Servando Vargas / Courier FOR RENT, an illustration depicting a mock advertisement for a newly available space due to an eviction.
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Governor Gavin Newsom signed a new bill, AB 3088 COVID-19 Tenant Relief Act of 2020 due to California’s eviction wave. The new bill prohibits landlords from evicting any resident who was unable to pay rent between March 1, 2020, and Aug. 31, 2020, due to financial hardships specifically because of the COVID-19 pandemic. What the bill is proposing is biased towards tenants. 

According to the author of the bill, David Chiu, it is meant to relieve tenants of the hardship  and to provide protections for small landlords. This is just a temporary solution to give the state more time to determine if anything additional needs to be done. 

Many people will be evicted if they cannot come up with their full monthly rent they have missed between March 1, 2020, and Aug. 31, 2020, and have until Feb. 2021 to pay it back to their landlords. 

The eviction wave is going to happen whether we like it or not. It’s just a matter of when. Now? Or in February? When tenants are screwed because they don’t have a way to pay their rent because of COVID-19?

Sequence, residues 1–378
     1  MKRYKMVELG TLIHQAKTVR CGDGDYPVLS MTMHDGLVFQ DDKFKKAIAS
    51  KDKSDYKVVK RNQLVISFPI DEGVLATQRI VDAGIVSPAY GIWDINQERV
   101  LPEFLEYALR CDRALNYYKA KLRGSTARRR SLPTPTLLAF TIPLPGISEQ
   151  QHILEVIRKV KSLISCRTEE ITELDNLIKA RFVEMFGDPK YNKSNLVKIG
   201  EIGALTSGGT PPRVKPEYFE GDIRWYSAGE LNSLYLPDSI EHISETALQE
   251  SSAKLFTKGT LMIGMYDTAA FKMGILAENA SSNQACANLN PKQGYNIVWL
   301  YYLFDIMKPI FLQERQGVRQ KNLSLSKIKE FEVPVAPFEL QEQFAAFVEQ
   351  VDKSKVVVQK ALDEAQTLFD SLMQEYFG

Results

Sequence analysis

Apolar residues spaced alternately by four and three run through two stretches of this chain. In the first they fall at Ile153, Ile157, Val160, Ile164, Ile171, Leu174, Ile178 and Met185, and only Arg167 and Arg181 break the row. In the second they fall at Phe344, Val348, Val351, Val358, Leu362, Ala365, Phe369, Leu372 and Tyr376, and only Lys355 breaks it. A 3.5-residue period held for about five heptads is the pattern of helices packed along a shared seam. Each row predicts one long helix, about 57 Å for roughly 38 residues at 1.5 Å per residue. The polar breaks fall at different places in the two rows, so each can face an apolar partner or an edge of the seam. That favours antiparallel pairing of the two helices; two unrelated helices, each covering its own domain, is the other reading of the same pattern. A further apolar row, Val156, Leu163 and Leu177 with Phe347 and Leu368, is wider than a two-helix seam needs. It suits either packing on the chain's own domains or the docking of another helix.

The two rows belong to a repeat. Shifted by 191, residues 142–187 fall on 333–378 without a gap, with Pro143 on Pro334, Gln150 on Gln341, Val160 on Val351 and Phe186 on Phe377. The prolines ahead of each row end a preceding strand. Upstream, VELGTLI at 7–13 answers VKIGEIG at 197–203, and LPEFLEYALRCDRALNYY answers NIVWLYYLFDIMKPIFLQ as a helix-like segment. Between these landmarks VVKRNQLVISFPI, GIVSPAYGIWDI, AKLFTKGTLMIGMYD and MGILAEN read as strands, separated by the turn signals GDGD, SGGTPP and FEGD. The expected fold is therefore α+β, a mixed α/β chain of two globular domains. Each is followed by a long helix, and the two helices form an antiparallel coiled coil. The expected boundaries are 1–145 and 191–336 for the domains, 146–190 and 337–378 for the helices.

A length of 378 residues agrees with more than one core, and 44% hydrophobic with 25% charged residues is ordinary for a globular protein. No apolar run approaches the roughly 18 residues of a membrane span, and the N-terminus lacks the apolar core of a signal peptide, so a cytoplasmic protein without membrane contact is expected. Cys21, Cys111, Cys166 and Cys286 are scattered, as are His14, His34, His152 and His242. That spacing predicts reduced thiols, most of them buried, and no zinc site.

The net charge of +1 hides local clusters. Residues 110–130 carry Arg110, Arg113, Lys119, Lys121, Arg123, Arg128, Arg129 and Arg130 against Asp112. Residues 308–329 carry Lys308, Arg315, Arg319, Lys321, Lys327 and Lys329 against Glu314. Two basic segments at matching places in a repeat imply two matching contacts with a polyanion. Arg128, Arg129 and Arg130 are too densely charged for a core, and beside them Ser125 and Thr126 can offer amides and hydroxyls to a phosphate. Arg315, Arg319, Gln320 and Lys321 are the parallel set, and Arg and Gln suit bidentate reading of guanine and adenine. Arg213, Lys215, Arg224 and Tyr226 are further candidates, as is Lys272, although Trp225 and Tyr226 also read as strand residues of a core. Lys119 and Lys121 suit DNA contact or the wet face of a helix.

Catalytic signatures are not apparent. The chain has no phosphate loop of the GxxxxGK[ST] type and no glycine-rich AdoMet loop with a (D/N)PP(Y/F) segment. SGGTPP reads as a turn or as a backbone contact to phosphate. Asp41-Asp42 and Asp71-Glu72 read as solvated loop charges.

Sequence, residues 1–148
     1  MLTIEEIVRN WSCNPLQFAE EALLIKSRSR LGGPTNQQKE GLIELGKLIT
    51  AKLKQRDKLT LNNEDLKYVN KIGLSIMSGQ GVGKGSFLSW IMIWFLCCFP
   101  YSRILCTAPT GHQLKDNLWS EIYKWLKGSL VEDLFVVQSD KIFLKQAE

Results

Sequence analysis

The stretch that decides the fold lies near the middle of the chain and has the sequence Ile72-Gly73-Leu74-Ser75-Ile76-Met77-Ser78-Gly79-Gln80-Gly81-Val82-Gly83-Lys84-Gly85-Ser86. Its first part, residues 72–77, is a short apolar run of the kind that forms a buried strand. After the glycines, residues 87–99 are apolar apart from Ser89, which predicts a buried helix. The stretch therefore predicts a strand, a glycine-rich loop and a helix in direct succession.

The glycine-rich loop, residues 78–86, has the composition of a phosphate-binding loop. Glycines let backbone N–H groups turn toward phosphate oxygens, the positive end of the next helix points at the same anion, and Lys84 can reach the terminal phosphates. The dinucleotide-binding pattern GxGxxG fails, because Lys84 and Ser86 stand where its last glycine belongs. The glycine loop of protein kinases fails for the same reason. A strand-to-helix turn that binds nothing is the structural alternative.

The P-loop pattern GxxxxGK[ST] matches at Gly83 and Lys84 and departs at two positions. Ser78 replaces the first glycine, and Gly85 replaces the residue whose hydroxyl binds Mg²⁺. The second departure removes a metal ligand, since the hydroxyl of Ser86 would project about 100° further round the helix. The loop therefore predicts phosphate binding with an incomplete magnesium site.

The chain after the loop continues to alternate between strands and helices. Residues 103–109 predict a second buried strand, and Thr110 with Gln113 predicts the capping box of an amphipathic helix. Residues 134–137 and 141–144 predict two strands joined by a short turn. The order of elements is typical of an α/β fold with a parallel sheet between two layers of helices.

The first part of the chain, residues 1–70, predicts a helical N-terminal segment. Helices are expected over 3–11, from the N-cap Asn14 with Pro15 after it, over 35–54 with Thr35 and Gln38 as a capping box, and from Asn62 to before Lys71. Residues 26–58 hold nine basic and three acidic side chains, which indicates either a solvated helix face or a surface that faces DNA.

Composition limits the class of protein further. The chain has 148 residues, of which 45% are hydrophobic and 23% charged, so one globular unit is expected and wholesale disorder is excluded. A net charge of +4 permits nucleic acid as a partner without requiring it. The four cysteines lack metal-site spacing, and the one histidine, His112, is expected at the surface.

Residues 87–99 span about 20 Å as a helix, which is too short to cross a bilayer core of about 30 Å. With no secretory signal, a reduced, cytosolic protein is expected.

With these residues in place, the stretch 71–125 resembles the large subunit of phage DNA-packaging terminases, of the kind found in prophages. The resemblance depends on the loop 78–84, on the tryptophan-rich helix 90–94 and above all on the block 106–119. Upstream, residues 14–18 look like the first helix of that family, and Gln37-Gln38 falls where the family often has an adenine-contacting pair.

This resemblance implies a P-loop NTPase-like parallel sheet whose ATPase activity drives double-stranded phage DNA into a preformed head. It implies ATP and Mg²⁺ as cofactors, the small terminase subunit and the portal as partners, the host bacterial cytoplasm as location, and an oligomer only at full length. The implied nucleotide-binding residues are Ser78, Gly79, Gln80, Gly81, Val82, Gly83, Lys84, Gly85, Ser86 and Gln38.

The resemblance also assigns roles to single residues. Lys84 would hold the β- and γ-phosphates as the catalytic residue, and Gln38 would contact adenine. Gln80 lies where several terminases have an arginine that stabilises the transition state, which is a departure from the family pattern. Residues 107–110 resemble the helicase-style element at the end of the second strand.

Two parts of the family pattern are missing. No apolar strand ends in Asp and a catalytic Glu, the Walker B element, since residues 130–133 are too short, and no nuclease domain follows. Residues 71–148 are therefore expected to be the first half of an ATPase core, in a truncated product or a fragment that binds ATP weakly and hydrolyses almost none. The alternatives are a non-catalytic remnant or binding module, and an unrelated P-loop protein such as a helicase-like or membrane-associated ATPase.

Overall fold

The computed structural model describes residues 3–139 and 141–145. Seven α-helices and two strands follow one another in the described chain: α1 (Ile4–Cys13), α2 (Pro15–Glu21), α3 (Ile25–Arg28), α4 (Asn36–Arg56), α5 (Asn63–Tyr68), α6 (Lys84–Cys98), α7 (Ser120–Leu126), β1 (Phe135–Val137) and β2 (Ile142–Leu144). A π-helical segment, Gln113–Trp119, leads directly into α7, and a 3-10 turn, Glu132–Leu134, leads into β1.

The bill protects tenants and screws over landlords because that seems fair right? It has protections for tenants, which is great, as it gives them time which is almost all they need, but what about the landlords? So many evictions are going to happen either way. There should be multiple versions of the bill that protect specific things for example: landlords’ mortgage. Landlords should have more time to come up with the mortgage just like how it’s being done for the tenants. 

The unemployment rate is still the highest it has ever been with Donald Trump as president compared to any other president the U.S has had. That being said, people who are unemployed due to the pandemic are getting paid a fair amount, but that does not mean it’s enough for people to come up with, let’s say $40,000, to pay their rent to their landlord by February. Say $40,000 is actually owed, not a lot of people can just come up with that kind of money, let alone pay for other expenses like groceries and gas. What are those people supposed to do?

Yes, the bill is somewhat helpful for tenants. It does give them leverage and much more time to figure out what they need to do in order to get their rent to the landlord on time. 

According to GlobeSt , this new bill does not protect landlords against foreclosure or require banks to provide them forbearance. It requires mortgage servicers to contact borrowers before pursuing foreclosure proceedings in order to provide potential forbearance options. This is not so good for landlords. It would be pretty unfortunate if they didn’t get the rent from their tenants to get their mortgage in on time. Therefore, there needs to be clearer protections for them when it comes to mortgages. 

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